That day, however, things were different.

           He was there, wearing his hood up to avoiding being drenched by the downpour of rain, and standing off to the side. He looked paler than the last time I had seen him – which was worrying, considering he had looked pallid even then – and stood hunched as though he were cold, despite the thick coat he wore.

           I heard the professor shout out that we were supposed to be in partners, and I could not help what happened afterwards. My feet moved without thought, and my eyes remained fixed on his face without shame.

           He glanced at me briefly, in surprise, when I stopped by his side, but said nothing.

           I brushed the wet hair away from my face, and observed him as he pointedly avoided my gaze.

           He looked thinner, his cheeks sunken and almost gaunt, and fragile. Delicate, as though he could break at even the lightest of touch.

           I reached for his bare hand without thinking, and enveloped it with my gloved one.

           He turned to me slowly, squinting slightly through the rain, and I smiled faintly up at him.

           He opened his mouth to speak, but I shook my head and lightly pressed my index finger to his lips. I watched as his blonde eyebrows drew together briefly, and felt my own do the same as my hand dropped.

           I shouldn’t have touched him. Even through the material of my glove, I felt those same sparks erupt throughout my body. I shivered slightly, and whether it was out of pleasure or not, I didn’t know. I didn’t care to know.

           It was wrong, what I was doing, I knew that well.  

           Slowly, my hand slipped out of his, and I heard him sigh softly.

           “Why does this feel right – when it’s actually so wrong?” I despondently whispered, moving close to him. His arm wrapped around me, hugging me to his warm, tall frame, and I rested my head against his shoulder.

           “I don’t know.” He murmured tenderly, “But it’ll work out – everything always does. In the end...”

           “But when is that? How do we know when it’s ‘the end’?” I asked, looking up at him with a sort of melancholic hopefulness. I saw his lower lip tremble as he glanced down at me, and it made me frown.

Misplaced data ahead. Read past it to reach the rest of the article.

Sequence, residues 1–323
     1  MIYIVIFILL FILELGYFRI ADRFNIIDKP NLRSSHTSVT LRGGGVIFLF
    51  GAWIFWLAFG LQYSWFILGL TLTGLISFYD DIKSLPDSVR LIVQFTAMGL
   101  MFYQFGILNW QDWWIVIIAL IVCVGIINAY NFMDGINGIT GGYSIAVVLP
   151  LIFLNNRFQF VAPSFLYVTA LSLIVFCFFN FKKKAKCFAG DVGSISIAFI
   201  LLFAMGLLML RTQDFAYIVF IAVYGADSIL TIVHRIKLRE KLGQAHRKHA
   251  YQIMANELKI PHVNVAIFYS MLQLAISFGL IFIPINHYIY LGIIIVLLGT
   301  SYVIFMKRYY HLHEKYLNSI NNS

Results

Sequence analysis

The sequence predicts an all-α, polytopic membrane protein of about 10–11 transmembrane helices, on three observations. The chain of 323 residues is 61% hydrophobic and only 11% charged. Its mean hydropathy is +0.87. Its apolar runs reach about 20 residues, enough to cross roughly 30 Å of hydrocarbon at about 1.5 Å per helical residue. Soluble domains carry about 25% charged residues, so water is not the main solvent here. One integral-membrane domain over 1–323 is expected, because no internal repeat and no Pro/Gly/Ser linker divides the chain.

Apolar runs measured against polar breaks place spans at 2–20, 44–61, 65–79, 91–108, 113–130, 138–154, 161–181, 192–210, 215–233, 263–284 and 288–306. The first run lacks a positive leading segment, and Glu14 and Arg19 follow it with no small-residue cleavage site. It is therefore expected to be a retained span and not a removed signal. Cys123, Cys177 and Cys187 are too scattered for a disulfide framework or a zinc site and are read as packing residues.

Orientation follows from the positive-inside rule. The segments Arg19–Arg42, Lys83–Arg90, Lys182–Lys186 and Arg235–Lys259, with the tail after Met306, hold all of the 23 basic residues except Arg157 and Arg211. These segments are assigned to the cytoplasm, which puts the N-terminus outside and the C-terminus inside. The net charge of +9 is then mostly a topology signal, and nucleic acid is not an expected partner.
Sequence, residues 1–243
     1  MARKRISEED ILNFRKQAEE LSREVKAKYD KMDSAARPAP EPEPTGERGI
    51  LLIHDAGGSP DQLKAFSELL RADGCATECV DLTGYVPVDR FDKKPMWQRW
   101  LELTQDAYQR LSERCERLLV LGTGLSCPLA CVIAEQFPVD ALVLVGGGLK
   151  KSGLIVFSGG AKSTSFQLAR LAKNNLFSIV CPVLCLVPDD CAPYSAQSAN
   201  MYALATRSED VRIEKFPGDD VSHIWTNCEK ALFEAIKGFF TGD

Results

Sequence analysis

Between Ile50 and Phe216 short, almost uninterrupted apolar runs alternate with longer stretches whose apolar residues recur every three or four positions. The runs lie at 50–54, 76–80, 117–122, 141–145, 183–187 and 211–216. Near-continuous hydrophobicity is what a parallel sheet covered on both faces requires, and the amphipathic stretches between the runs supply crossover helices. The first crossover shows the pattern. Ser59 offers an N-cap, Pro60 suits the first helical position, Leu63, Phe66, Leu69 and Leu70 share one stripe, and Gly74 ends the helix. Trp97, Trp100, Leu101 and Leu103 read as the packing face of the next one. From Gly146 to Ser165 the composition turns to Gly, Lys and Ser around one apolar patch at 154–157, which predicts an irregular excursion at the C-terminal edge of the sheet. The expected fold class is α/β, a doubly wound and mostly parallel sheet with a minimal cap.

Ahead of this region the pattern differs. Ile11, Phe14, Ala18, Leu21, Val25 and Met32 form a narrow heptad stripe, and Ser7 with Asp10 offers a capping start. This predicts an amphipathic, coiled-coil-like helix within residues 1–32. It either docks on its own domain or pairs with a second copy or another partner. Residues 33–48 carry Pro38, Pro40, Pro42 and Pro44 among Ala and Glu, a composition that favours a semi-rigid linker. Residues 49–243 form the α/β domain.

“I don’t know.”

           “Do you know anything?” I snapped quietly, however sharply, unable to help myself.

           “Seems not.” He muttered, and so abruptly, I could have blinked and missed it, he pushed me away from him. The comforting weight of his arm around my shoulders was gone, and I could not longer smell that pleasant – and heightened with the rain – smell of trees and spices and something else that I couldn’t quite put my finger on.

           “I’m sorry.” I murmured, looking down at the black material of my gloves. My housemates all had green ones, and so, as I chose not to follow them, they had always felt it was appropriate to look down on me for not wearing my house colours. I didn’t care about my house, I never had.

           “Yeah. So am I.” He mumbled curtly. His cold grey eyes shifted so they looked past me, over my shoulder, and I frowned in both anger and confusion. Had I managed to fuck everything up once again?

           “Look. No – look at me!” I exclaimed frantically, “Scamander. Look at me.” And very slowly, he did. “Don’t be angry with me – please, I can’t handle it. Anyone else, sure, that’s no problem. But not you, alright?”

           I hadn’t meant to do it, but I did.

           I grabbed his face gently, but held it firmly between my two gloved hands. His eyes were surprised, however his lips remained pressed together in a pensive line. I brushed the honey blonde curls away from his forehead with my thumb and watched in wonder as his facade of control slipped away.

           I was a bad person. I was a bad person. I was a bad person.

           “I’m a bad person.”

           “No, you’re not.” He whispered quietly, sounding certain of himself. “You’re pretty much perfect to me.”

           I wanted to groan, to roll my eyes and smirk as I told him that he was a moronic fool that needed to stop using lines from the book Twelve Fail-Safe Ways to Charm Witches – yet I didn’t, not because I was any nicer or politer than I usually was, but because I liked it. I liked him saying nice, albeit corny, things to me and wanted him to go on, to never stop.

           “We both know this can’t happen.” He whispered, saying it so abruptly and bluntly that it made my heart skip a ragged beat.

           “I don’t want to stay away from you. Is it pathetic to say that I missed you?” I whispered in response, ignoring the rain and the class we were meant to be participating in and the students, who if by chance turned around, would see something that they would misunderstand. No one understood, and it was likely that no one could.

           “No. Not really. Because I missed you too.” He smiled slightly, as though he were nervous, and shrugged his shoulders. He was making it harder for me to not touch him, and made me frightfully aware that I still held his face in mine, that I was still staring into his eyes and was just close enough to possibly – maybe – kiss him?

           My hands dropped from his face as though he was painful to touch, and I took a wide step away from him. I drew in three deep breaths as I pressed a hand to my lips and ignored the way I knew he would be looking at me. I didn’t dare to look at him, but that didn’t stop me from imagining it.